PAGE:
His wife, who—granted that philanthropy is not embezzlement—was herself capable of money-ruse, and who had herself once rapturously fallen from merely spiritual friendship, locked him up for it. Against his protestations, and that of his sister and brother, he was sent to a sanitorium. Teddy had stolen, Teddy had fallen; he was an adulterer. She had never stolen (though there is a robust if mistaken critical tradition that insists she stole her whole literary outlook from Henry James); but she had fallen, she was an adulteress. Teddy’s sexual disgrace was public; hers went un-divulged until her biographer came upon it more than three decades after her death. But these sardonic parallels and opposites illumine little beyond the usual ironies of the pot and the kettle. What had all at once happened in Edith Wharton’s life was that something had happened. Necessity intervened, her husband was irrefutably a manic-depressive. He had hours of excitement and accusation; more often he was in a state of self-castigation. He begged her for help, he begged to be taken back and to be given a second chance. “. . . When you came back last year,” she told him, “I was ready to overlook everything you had done, and to receive you as if nothing had happened.” This referred to the Boston apartment; she herself had been in a London hotel with Fullerton at nearly the same time. In the matter of her money she was more unyielding. Replying to his plea to be allowed to resume the management of her trusts and property, she took the tone of a mistress with a servant who has been let go, and who is now discovered still unaccountably loitering in the house. “In order that no further questions of this kind should come up, the only thing left for me to do is to suggest that you should resign your Trusteeship. . . . Your health unfortunately makes it impossible for you to take any active part in the management of my affairs.” Gradually, over months, she evolved a policy: she did everything for him that seemed sensible, as long as it was cold-hearted. He was removed, still uncured, from the sanitorium, and subjected to a regime of doctors, trips, traveling companions, scoldings. In the end, when he was most sick and most desperate, she discarded him, handing him over to the doctors the way one hands over impeding paraphernalia to an equerry. She discarded him well before she divorced him; divorce, at that period and in her caste, took deliberation. She discarded him because he impeded, he distracted, he was a nuisance, he drained her, he wore her out. As a woman she was contemptuous of him, as a writer she fought off his interruptions. The doctors were more polite than Henry James, who characterized Teddy Wharton as able to “hold or follow no counter-proposal, no plan of opposition, of his own, for as much as a minute or two; he is immediately off—irrelevant and childish . . . one’s pity for her is at the best scarce bearable.”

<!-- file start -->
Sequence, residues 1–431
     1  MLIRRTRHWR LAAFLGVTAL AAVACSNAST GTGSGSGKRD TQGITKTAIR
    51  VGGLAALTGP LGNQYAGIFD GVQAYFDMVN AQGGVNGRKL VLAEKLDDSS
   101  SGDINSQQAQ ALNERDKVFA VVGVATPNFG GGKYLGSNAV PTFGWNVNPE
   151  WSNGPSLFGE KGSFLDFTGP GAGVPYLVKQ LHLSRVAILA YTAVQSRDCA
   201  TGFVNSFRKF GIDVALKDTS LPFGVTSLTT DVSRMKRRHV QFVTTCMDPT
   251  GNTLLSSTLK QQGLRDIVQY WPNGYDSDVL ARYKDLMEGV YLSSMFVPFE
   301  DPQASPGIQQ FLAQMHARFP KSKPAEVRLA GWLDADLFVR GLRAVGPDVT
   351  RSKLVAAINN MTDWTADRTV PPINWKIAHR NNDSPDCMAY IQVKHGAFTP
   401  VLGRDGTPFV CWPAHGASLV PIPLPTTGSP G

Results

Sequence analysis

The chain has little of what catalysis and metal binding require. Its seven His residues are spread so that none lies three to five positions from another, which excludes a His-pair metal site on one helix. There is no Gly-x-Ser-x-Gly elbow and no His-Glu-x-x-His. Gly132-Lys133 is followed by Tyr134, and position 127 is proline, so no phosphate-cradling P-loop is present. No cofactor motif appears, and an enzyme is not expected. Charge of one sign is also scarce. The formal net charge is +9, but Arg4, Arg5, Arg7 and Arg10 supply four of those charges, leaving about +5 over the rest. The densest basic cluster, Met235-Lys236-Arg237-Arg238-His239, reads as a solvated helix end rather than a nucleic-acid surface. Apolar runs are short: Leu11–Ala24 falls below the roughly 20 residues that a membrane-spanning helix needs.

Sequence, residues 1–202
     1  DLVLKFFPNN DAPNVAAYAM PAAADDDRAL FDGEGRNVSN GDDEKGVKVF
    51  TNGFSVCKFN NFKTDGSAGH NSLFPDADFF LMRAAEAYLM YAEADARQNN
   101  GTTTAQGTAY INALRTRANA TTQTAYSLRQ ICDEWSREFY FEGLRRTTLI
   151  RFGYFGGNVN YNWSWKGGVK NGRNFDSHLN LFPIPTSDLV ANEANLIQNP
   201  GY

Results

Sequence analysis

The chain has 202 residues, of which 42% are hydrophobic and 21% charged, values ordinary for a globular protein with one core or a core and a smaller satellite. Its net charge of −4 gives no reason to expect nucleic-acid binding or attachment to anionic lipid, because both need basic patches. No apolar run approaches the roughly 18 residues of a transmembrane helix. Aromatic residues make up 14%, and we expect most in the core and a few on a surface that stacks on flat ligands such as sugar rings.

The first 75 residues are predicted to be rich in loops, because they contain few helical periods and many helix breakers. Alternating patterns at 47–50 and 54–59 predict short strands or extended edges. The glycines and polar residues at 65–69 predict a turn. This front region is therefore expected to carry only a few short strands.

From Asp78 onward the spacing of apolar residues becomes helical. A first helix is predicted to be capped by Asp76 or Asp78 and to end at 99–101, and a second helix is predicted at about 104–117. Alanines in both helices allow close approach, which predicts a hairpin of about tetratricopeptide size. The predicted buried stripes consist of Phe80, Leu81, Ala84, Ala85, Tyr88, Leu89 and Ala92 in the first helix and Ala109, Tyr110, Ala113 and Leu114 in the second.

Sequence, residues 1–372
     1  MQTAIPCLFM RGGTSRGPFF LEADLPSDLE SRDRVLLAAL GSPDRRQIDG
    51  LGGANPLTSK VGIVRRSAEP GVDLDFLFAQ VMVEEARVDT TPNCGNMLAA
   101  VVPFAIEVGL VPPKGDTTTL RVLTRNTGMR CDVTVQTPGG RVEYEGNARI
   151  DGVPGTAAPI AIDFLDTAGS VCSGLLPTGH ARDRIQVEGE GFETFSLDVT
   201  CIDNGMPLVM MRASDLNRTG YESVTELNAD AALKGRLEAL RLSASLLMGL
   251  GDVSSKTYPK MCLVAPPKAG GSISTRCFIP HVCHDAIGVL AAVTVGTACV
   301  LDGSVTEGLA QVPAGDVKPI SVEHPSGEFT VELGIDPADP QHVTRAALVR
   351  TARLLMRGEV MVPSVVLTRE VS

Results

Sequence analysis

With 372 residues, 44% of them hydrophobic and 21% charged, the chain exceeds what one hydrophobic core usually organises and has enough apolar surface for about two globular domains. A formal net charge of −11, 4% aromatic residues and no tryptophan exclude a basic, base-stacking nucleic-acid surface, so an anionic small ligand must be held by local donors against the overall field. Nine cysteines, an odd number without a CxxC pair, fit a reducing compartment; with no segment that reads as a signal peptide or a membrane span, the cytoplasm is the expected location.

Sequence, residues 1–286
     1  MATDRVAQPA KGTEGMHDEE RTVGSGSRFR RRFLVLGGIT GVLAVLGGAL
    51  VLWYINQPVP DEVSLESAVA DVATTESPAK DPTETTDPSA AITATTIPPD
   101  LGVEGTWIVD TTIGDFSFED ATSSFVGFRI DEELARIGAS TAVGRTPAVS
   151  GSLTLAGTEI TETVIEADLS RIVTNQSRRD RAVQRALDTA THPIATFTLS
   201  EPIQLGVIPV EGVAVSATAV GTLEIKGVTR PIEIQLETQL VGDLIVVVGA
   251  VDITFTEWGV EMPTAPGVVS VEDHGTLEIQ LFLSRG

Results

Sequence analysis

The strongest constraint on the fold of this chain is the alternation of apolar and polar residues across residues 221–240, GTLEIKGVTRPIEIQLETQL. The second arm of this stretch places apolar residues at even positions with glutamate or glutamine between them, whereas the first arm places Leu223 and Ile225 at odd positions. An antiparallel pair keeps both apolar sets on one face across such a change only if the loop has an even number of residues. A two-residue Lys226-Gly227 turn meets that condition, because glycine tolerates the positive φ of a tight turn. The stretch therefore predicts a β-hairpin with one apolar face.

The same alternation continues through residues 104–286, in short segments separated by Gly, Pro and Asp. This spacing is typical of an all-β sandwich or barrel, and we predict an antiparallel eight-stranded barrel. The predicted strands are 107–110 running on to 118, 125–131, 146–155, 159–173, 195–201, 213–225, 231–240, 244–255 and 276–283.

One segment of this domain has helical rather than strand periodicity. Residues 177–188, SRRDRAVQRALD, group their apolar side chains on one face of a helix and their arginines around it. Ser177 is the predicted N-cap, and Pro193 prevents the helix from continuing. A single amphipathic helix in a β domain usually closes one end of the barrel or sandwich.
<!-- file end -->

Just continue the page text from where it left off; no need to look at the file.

She too pitied herself, and justly, though she forgot to pity him. He had lost all trust in himself, whatever he said he timidly or ingratiatingly or furiously took back. He was flailing vainly after the last flashes of an autonomy his wife had long ago stripped from him. And during all that angry space, when she was bitterly engaged in fending off the partisan ragings of his family, and coldly supervising his medical and traveling routines, she, in the stern autonomy of her morning bed, was writing Ethan Frome, finishing The Reef, bringing off short stories. She could do all this because she did not look into her husband’s eyes and read there, as she had read in the eyes of her little dogs, the helpless pathos of “Why?” It was true that she did not and could not love him, but her virtue was always according to principle, not passion. Presumably she also did not love the French soldiers who were sick with tuberculosis contracted in the trenches of World War I; nevertheless for them she organized a cure program, which she termed “the most vital thing that can be done in France now.” Whatever the most vital thing for Teddy might have been—perhaps there was nothing—she relinquished it at last. The question of the tubercular soldiers was, like all the claims on her spirit which she herself initiated, volitional and opportune. She had sought out these tragedies, they were not implicated in the conditions of her own life, that peculiar bed she had made for herself—“such a great big uncompromising 4-poster,” James called it. For the relief of tubercular soldiers and other good works, she earned a French medal, and was made a Chevalier of the Legion of Honor. An arena of dazzling public exertion. But in the lesser frame of private mess she did nothing to spare her husband the humiliation of his madness. It is one thing to go mad, it is another to be humiliated for it. The one time in her life drift stopped dead in its trackless spume, and a genuine claim made as if to seize her—necessity, redder in tooth and claw than any sacrifice one grandly chooses for oneself—she turned away. For her, such a claim was the Gorgon’s head, to gaze on which was death.